Geographical differentiation of cephalometric data of a nomadic isolated Hellenic population (Sarakatsani)
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The scientific value of isolated human populations is important for the understanding of ethnic formation, or for micro-evolution. The population of Sarakatsani in HELLAS was nomadic up to 10–15 years ago. It may still be considered as nomadic since it migrates during winter and summer.
We studied three Sarakatsanic groups, geographically isolated in Epirus, Central Macedonia and Peloponessos.
Nine cephalometric variables were measured and subjected to Discriminant Function Analysis (DFA) and Analysis of Variance (ANOVA). The latter showed that 55% of the variables indicate a statistically significant difference. The former showed that only the Peloponesean population is well differentiated. The groups from Epirus and Macedonia differentiated between them less, compared to the Peloponesean group.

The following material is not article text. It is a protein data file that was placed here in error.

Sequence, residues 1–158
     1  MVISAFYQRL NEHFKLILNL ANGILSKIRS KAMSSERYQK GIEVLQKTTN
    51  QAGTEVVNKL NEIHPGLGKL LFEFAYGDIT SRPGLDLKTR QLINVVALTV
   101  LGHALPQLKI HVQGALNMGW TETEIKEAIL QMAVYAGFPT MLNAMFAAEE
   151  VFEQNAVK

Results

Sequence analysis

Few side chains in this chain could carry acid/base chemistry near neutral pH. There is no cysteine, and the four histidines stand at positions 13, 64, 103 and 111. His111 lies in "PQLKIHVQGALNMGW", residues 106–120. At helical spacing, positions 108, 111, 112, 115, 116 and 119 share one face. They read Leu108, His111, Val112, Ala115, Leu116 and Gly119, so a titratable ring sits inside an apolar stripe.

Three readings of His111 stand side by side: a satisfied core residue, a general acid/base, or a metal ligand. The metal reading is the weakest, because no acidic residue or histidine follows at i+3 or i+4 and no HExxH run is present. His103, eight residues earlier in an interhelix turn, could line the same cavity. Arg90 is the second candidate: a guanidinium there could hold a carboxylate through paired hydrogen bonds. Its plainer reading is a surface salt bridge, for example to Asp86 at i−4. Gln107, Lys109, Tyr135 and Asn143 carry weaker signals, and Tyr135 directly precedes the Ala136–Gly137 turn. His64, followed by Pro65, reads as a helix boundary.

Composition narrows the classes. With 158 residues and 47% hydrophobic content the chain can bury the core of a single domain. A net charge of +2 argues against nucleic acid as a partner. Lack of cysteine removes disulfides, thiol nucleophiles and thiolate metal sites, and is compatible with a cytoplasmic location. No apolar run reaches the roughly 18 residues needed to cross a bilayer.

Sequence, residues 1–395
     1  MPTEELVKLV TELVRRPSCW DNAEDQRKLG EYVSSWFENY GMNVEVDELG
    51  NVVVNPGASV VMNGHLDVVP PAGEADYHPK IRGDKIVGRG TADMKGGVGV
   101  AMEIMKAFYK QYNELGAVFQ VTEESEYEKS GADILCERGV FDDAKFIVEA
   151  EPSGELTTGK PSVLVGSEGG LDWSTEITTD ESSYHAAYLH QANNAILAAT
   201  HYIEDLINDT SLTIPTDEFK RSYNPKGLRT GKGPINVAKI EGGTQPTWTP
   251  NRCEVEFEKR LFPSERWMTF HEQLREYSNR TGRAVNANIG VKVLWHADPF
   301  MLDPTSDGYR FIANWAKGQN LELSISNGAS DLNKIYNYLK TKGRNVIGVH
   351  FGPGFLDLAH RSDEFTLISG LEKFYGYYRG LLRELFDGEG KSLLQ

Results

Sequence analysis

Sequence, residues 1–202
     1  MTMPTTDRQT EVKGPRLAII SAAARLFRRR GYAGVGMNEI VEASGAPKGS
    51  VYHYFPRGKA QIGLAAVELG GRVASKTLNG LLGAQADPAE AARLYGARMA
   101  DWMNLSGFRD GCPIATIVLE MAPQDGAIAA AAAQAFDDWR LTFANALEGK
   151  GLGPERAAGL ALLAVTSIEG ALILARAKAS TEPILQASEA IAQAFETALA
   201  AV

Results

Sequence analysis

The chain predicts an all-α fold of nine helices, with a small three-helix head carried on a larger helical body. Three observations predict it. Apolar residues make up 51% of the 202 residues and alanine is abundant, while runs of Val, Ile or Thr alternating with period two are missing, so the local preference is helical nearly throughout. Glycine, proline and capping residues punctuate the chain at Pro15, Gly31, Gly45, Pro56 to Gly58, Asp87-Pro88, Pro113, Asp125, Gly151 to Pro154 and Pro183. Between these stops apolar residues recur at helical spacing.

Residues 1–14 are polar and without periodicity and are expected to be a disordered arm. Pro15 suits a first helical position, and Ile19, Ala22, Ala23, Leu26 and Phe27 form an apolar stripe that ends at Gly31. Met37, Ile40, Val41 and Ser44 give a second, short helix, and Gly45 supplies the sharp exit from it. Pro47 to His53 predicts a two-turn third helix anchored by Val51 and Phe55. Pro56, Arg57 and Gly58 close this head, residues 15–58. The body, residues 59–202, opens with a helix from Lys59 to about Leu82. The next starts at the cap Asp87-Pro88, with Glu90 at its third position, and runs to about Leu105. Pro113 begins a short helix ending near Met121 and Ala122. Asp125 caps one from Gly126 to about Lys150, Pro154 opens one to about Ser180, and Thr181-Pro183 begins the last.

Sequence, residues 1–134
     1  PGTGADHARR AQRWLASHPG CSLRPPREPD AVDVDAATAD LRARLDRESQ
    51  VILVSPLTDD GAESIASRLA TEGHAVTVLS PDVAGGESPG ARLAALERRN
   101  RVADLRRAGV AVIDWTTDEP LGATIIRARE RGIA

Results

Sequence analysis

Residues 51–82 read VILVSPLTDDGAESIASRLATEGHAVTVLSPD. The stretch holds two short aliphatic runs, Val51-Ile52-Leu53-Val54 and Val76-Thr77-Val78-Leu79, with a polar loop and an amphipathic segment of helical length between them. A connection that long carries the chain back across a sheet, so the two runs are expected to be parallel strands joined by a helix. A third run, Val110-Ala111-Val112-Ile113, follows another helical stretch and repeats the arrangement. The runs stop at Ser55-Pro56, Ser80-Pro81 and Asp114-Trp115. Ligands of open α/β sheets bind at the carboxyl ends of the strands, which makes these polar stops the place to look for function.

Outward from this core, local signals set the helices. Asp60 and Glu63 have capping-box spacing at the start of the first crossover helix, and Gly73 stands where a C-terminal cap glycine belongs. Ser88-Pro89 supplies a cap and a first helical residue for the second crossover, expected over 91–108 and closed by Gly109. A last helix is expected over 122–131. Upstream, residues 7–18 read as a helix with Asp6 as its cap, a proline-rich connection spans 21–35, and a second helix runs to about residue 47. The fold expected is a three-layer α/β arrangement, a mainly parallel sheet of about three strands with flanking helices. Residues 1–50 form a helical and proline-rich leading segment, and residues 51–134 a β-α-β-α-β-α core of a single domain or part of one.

Key wordsCephalometric data isolated populations nomadism genetic drift geographical isolation socioeconomic status
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